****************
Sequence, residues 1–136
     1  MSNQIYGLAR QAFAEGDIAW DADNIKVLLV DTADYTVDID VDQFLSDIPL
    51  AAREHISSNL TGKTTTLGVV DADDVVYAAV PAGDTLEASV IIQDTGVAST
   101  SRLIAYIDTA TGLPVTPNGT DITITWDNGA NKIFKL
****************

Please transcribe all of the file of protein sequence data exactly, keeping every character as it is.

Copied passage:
Sequence, residues 1–136
     1  MSNQIYGLAR QAFAEGDIAW DADNIKVLLV DTADYTVDID VDQFLSDIPL
    51  AAREHISSNL TGKTTTLGVV DADDVVYAAV PAGDTLEASV IIQDTGVAST
   101  SRLIAYIDTA TGLPVTPNGT DITITWDNGA NKIFKL